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Dota 2 recently received an update designed with new players in mind. Specifically, it makes a pair of changes to the way newcomers will play the game that should help them feel more welcome and less overwhelmed; keeping their hero options limited early on and pairing them with the best the community has to offer.
The MOBA landscape is pretty crowded these days. From SMITE to League of Legends, Paragon and beyond, there are new entries joining the fray on a regular basis. While most MOBAs try to do something a little different to set them apart from the pack, they're all basically competing for the attention of the same experienced player group.
When it comes to newcomers, though, there's no telling what one game will offer over the next that manages to hook a new devotee. According to a recent update on the Dota 2 blog, however, the folks at Valve seem to believe that first impressions are a major factor. To that end, they're making a couple of changes to the game that make so much sense, we're surprised they haven't been implemented sooner. They'll be limiting which heroes players can pick in the early goings, then pairing them with players who have proven to be solid members of the community.
MOBAs, at their core, are usually pretty simple games. Once you pick a character, you only have a limited number of abilities to utilize and a limited number of objectives to complete. Anyone who has played a game like Dota 2 long enough, though, will tell you that there is a ridiculous amount of complexity hidden under the surface. From team composition, to knowing when to use your abilities for the greatest effect, to how to partner with other players' abilities and how to best take advantage of your enemies' weaknesses, there's a ton of strategy and math going on under the hood.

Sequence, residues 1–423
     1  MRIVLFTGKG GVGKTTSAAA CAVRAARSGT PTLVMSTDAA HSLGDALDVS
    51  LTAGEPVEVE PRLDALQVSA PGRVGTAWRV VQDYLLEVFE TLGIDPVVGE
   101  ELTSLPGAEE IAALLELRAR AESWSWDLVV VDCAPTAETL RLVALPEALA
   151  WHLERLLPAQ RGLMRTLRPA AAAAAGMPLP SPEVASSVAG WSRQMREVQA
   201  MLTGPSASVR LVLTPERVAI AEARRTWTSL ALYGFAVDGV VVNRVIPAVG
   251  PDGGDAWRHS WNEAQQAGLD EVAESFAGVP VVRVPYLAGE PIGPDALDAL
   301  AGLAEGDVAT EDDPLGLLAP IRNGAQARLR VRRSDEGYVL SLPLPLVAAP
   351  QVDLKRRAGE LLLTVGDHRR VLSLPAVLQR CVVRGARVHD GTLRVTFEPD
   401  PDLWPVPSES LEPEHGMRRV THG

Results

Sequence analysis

Valve wants to make sure players discover that complexity naturally and over time. To that end, players new to Dota 2 will only be able to pick from a group of 20 heroes through their first 25 rounds of play. These heroes have been determined to be the easiest to learn and most engaging for new players, which means those newbies shouldn't feel overwhelmed by abilities they can't easily understand. As they play more of the game and start to understand the ins and outs of Dota 2, they'll eventually gain access to the full roster.
Possibly more important to keeping players hooked is a decent community, though. Players will leave a game they're enjoying if the community feels too toxic. To that end, Valve will be grouping new players through a new matchmaking system that will have them joining up with "appropriately-skilled" players that also have a solid track record of good behavior.
If all goes well, Valve hopes these minor tweaks will not only draw, but also maintain plenty of new players for Dota 2.